It was the connecting link required to place Holland in direct communication with the railways of central and southern Europe. He had personally surveyed the whole line, examined every detail of its cost, and felt confident that the comparative cheapness of its construction would ensure its being a great financial success, and he looked upon it as the most promising enterprise of his career. He was not, however, allowed to carry it out to completion, or permitted to share in its success.
The Belgian Government, in the proceedings they commenced in 1855 against the Great Luxembourg Company, selected Mr. Ashwell as the subject for prosecution, as he had officially represented that company in Belgium. He was acquitted by their own tribunals, but not until after a protracted and costly trial, and no redress could be obtained, although heavy pecuniary losses had been sustained, and he had suffered still more from his inability (in consequence of their proceedings) to complete the Antwerp and Rotterdam railway.
This unlooked-for crisis materially affected Mr. Ashwell’s health, and from that time he withdrew altogether from professional engagements, spending several years on the Continent, as a warm climate had been recommended for the health of his delicate family.
In this retirement he found a great solace in the continued cultivation of those literary tastes which had been the source of so much enjoyment during his student life both in Edinburgh and at Cambridge; and it is an interesting proof of undiminished mental activity that he took delight in the study of Hebrew and of Harmony when upwards of seventy years of age.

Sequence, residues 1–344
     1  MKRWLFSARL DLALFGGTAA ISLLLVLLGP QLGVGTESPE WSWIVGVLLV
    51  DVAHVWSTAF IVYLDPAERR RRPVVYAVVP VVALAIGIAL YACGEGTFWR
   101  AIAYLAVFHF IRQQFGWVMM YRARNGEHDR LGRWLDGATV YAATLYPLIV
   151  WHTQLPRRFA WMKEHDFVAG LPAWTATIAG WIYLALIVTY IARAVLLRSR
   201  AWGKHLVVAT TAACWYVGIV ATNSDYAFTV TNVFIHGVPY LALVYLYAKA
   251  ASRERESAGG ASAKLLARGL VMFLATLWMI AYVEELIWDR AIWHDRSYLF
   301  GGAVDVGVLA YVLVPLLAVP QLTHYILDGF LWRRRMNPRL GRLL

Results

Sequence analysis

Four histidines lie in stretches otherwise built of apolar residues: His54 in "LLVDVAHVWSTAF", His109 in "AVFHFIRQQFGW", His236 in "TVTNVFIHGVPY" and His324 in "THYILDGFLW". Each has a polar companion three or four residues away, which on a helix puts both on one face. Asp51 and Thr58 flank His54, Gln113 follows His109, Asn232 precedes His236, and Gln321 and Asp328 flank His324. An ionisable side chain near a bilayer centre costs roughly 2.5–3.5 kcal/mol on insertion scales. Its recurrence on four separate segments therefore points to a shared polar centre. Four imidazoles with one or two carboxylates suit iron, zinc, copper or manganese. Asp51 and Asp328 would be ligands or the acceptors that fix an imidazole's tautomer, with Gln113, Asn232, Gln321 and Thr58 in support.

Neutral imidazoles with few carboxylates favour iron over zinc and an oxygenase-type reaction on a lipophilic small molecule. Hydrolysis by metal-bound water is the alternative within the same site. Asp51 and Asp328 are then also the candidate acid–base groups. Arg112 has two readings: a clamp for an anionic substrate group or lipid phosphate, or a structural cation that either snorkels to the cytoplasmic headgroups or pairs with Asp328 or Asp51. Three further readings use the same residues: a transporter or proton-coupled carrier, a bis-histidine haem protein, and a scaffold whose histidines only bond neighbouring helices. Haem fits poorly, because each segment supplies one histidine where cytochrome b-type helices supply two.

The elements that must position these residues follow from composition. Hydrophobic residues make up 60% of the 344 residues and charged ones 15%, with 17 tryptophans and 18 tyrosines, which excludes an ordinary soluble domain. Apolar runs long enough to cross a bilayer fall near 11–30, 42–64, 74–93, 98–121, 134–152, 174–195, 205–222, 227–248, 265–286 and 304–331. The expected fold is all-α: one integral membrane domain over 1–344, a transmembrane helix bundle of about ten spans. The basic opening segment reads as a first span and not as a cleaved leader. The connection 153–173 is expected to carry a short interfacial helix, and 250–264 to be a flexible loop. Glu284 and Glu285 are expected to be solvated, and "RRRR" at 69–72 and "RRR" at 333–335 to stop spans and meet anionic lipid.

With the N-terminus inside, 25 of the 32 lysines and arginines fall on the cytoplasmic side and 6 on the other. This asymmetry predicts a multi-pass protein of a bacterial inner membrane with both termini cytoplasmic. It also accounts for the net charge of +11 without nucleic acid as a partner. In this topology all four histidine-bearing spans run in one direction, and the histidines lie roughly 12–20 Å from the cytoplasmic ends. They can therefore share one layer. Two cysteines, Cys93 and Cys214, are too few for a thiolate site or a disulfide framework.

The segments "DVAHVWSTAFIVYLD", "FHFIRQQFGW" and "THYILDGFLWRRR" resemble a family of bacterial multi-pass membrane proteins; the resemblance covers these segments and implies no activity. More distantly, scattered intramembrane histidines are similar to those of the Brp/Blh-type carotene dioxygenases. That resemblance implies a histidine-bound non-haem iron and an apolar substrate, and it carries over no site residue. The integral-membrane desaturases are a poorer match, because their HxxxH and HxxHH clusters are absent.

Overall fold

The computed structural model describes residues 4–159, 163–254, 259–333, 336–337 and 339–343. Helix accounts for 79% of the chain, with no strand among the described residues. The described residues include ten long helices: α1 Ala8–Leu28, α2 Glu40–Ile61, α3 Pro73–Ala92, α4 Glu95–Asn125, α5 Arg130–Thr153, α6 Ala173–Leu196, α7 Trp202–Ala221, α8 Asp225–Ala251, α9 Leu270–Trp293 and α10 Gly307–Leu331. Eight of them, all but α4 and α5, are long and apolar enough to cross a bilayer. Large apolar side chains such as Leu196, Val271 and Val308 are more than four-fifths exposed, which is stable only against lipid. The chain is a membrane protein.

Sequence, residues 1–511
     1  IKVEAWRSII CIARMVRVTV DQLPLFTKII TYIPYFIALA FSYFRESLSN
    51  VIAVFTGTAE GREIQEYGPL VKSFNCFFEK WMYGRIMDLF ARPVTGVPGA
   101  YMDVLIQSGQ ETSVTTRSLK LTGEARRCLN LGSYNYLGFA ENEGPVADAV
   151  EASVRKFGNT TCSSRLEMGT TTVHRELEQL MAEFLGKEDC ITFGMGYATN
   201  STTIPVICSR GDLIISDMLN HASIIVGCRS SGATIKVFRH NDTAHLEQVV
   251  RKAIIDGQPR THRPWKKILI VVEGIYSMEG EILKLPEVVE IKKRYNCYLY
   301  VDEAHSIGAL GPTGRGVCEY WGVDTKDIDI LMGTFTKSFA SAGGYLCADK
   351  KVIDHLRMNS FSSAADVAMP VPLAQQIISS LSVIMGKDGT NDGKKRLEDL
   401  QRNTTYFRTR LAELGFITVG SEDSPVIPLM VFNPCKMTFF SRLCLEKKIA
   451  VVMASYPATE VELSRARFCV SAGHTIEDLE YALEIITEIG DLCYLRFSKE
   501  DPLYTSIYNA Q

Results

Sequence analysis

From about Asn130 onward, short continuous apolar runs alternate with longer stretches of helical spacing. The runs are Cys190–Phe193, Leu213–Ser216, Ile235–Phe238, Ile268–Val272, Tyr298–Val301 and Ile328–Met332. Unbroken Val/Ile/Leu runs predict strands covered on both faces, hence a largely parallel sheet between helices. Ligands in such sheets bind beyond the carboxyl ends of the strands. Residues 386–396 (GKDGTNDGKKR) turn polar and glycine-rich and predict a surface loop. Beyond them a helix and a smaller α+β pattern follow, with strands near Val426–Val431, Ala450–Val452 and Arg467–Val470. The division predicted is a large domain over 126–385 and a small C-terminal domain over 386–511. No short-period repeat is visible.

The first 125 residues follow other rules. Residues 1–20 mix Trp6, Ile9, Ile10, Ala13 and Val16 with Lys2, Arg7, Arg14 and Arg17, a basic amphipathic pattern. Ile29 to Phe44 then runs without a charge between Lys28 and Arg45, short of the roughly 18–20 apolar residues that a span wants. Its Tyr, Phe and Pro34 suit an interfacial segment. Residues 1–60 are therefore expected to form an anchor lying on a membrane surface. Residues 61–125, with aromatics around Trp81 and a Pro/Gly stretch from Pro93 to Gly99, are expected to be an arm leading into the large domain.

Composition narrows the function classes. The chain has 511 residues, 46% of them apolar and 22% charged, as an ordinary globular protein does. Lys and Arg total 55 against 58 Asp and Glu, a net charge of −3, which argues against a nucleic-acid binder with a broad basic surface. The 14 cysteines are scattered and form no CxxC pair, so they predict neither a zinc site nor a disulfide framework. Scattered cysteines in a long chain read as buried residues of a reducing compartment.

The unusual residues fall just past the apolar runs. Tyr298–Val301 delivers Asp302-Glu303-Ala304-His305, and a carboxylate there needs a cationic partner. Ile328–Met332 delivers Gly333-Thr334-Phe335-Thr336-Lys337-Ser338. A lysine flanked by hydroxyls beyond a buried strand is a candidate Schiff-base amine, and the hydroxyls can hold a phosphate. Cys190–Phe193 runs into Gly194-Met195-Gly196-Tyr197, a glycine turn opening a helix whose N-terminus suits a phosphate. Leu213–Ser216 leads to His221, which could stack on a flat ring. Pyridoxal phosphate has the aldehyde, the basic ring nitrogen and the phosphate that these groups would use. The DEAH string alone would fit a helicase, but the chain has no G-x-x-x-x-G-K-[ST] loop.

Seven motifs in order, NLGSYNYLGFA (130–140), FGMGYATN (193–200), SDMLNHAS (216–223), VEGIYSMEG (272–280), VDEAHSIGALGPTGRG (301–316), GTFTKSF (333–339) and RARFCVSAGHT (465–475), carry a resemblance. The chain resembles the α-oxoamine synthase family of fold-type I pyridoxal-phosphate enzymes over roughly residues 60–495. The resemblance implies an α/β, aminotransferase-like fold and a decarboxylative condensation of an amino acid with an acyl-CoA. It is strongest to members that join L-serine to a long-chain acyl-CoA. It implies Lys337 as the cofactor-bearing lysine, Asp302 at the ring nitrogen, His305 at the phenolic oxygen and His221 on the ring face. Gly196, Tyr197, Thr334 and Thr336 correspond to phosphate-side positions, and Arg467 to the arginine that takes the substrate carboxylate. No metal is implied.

Mr. Ashwell was richly endowed with intellectual gifts, happily combined with so strong a faith, that his mind was never harassed by doubts respecting the truths of revealed religion, and whilst taking the keenest interest in the progress of science, he was ever ready to bear his humble testimony to the higher overruling of the Great First Cause. Wit11 singular contentment he could match the progress of discoveries and inventions prosecuted by the genius of younger men without a shadow of regret at the disappointments of his own career.
His Christian resignation and cheerful temperament brightened many years of comparative privation and of forced inactivity, and so habitually did he realise the true value of this life as the training discipline of the higher one to come, that he could even rejoice in the belief that all its changes worked together for his true everlasting good. Thus he was enabled to await calmly, and with the confidence of a good man, the inevitable end which occurred on the 2nd of July, 1881, after a few days’ illness, at Mildmay Lodge, Weston-super-Mare, at the ripe age of eighty-two years, loved and respected by all who knew him.
1881 Obituary